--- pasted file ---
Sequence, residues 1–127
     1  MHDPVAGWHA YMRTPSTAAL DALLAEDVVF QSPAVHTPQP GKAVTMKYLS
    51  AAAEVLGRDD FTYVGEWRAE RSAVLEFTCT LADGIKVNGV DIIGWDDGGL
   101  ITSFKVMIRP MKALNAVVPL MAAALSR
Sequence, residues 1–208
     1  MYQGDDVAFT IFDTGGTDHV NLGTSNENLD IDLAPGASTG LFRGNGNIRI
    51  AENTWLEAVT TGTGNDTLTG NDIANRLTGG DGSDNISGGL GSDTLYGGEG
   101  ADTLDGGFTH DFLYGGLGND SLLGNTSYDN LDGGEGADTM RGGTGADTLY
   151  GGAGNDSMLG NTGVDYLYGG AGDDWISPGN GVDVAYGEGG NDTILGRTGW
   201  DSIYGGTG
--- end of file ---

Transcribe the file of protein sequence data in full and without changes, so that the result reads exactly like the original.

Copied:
Sequence, residues 1–127
     1  MHDPVAGWHA YMRTPSTAAL DALLAEDVVF QSPAVHTPQP GKAVTMKYLS
    51  AAAEVLGRDD FTYVGEWRAE RSAVLEFTCT LADGIKVNGV DIIGWDDGGL
   101  ITSFKVMIRP MKALNAVVPL MAAALSR
Sequence, residues 1–208
     1  MYQGDDVAFT IFDTGGTDHV NLGTSNENLD IDLAPGASTG LFRGNGNIRI
    51  AENTWLEAVT TGTGNDTLTG NDIANRLTGG DGSDNISGGL GSDTLYGGEG
   101  ADTLDGGFTH DFLYGGLGND SLLGNTSYDN LDGGEGADTM RGGTGADTLY
   151  GGAGNDSMLG NTGVDYLYGG AGDDWISPGN GVDVAYGEGG NDTILGRTGW
   201  DSIYGGTG